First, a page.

Honeydue is an app intended to help with one of the most common sources of conflict in relationships: money.
According to a study by SunTrust bank, finances are a major point of stress and conflict in relationships. The study goes on to say that couples with different money personalities — spender versus saver, for instance — must grapple with even more stress, but communication can lessen the impact of the differences.
Eugene Park, co-creator of the money management app, found that managing finances with his fiancee after she moved in was painful. The pair were using totally different tools to track and manage their finances from day to day. Eugene’s co-founder, Thien Tran, was going through the exact same thing at the same time with his fiancee.
That’s when the idea for Honeydue was born. It officially launched in August for 2017, and the user base has been growing every since.
Through Honeydue, couples can share information like bank accounts and bills to limit confusion and miscommunication around their finances. The app aggregates information like bill payments and transactions via bank feeds to help couples get a true picture of their combined (or separate) finances in real time.
“We think of ourselves as a collaborative tool first and a financial tool second,” he says. “The goal is to create a collaborative environment for couples to develop both financial habits and literacy together.”
The creators of the app noticed that there’s asymmetry among couples when it comes to money. Usually only one partner manages the finances. When this happens, the other partner may feel as if he or she lacks of firm grasp of where their earnings are going, setting the stage for conflict.
For this review, MagnifyMoney decided to put Honeydue through a true stress test — my husband and I used the app for two weeks straight to see if actually helped us manage our money better.
What I liked about the Honeydue app
After having used the app for some time, what stands out most is the convenience of having all bills and accounts in one place.
If you are the kind of person who likes to stay on top of your entire financial situation at a glance, this app does the job. To me, it’s like having a financial health assistant that scans all your accounts and gives you updates like these:
If you’re a busy person and want to stay on top of your finances, but can’t check every account daily, then Honeydue works. Indeed, it works even for the person not managing money with a significant other.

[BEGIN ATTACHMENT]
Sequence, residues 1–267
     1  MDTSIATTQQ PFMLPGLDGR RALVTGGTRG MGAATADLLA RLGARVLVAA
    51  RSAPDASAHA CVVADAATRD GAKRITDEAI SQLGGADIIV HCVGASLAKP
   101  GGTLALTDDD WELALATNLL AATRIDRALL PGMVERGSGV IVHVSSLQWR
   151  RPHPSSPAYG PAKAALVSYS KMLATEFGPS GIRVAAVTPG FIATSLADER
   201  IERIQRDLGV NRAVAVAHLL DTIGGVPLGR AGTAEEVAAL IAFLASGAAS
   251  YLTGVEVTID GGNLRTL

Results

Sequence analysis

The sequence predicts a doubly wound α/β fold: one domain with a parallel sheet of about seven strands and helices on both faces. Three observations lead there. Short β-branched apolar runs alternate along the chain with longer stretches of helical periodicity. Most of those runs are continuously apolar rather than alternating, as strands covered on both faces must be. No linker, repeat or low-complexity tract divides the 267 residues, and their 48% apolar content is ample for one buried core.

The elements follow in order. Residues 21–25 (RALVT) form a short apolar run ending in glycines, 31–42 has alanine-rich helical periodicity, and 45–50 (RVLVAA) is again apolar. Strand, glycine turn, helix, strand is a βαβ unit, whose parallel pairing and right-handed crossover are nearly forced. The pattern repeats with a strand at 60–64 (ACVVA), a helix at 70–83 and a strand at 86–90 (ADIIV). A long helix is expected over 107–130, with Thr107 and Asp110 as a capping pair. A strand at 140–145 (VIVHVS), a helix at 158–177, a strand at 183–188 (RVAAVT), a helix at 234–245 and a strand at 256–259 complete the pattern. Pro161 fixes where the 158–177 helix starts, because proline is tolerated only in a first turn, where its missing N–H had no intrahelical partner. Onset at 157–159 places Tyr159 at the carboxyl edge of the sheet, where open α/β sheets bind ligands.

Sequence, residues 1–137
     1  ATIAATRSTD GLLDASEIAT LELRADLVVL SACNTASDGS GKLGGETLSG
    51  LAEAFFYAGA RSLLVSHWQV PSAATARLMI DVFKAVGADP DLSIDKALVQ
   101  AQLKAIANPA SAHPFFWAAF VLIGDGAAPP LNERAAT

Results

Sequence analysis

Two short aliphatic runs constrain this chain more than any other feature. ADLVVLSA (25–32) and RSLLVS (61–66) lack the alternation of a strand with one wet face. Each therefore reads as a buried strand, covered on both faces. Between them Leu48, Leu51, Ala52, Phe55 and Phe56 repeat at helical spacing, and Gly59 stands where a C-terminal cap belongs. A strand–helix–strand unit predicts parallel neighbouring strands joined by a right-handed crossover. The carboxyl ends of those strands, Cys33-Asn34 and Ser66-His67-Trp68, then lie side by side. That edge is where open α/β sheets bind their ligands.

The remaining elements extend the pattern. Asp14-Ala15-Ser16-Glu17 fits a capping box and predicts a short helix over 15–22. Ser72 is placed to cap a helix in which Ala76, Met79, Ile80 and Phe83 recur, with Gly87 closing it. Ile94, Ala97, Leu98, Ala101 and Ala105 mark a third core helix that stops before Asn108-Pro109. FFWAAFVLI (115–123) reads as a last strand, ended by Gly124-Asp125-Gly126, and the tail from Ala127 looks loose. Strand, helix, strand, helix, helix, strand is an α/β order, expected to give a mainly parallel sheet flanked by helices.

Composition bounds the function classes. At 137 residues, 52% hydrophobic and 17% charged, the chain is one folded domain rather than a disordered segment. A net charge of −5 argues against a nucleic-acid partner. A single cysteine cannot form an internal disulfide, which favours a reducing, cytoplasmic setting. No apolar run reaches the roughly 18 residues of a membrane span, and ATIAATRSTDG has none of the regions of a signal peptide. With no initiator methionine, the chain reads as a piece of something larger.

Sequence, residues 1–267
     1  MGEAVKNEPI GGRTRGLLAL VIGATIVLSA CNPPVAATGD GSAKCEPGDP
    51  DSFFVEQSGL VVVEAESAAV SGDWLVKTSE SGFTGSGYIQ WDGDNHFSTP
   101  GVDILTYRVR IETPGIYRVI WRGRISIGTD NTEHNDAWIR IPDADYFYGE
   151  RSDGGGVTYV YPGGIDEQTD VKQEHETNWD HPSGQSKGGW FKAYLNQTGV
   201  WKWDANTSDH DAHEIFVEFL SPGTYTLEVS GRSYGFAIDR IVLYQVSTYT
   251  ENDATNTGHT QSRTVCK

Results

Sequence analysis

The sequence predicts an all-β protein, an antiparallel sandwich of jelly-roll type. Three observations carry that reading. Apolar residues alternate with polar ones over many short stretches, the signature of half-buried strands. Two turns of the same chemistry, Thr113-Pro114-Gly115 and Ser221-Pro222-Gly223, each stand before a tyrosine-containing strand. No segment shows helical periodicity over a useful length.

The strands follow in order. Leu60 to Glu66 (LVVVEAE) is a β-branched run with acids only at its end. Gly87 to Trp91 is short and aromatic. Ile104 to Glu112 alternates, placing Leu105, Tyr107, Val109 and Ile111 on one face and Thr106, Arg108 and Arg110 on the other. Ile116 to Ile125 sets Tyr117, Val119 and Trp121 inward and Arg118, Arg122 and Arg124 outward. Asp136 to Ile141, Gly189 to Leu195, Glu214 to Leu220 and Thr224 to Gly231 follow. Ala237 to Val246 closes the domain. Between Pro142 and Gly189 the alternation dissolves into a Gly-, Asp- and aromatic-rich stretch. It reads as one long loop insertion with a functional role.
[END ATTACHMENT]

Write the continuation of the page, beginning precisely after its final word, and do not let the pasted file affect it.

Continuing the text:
But once you do add a partner, things get interesting. You both can see everything that’s happening in the world of money that affects you as a couple.
For example, I was able to add a brokerage account that my husband can now see updated daily. Once he sees it, it’s a constant reminder that investing is a worthwhile activity with real returns. It’s more motivation to curb our spending and attempt to save and invest more when the numbers are there, at our disposal and updated in real time.
I also like the idea that we both can see all bank account balances and transactions. If I know that my husband will see my financial life and potentially question my spending or account balances, I’m more apt to “behave” and think a little more about my spending choices. The extra layer of accountability is a welcome change for me.
The alerts, notifications and email updates from the app serve as prompts to help us discuss finances with some regularity. There are many times I want to talk about finances and financial decisions with my husband, but it simply slips my mind. Honeydue reminders help make money discussions happen more frequently.
To me, the app sets the stage for a healthy financial relationship for couples struggling with money: Transparency, collaboration and communication are all improved with use.
What I didn’t like about Honeydue
The concept of the app itself is amazing. The execution is pretty top-notch, too. The app didn’t seem to be buggy or prone to inexplicable crashes.
Still, I noticed a few things.
The first issue: how the app interacts with institutions that use two-factor authentication. Many bank protocols ask different security questions or require you to re-authenticate with security codes if a connection needs to be refreshed.
However, I’ve used other apps with the same issue. So I am not sure there is a way around this. It’s a safety measure that I welcome to keep my data secure. However, it’s usually barely noticeable and just takes a few moments to correct.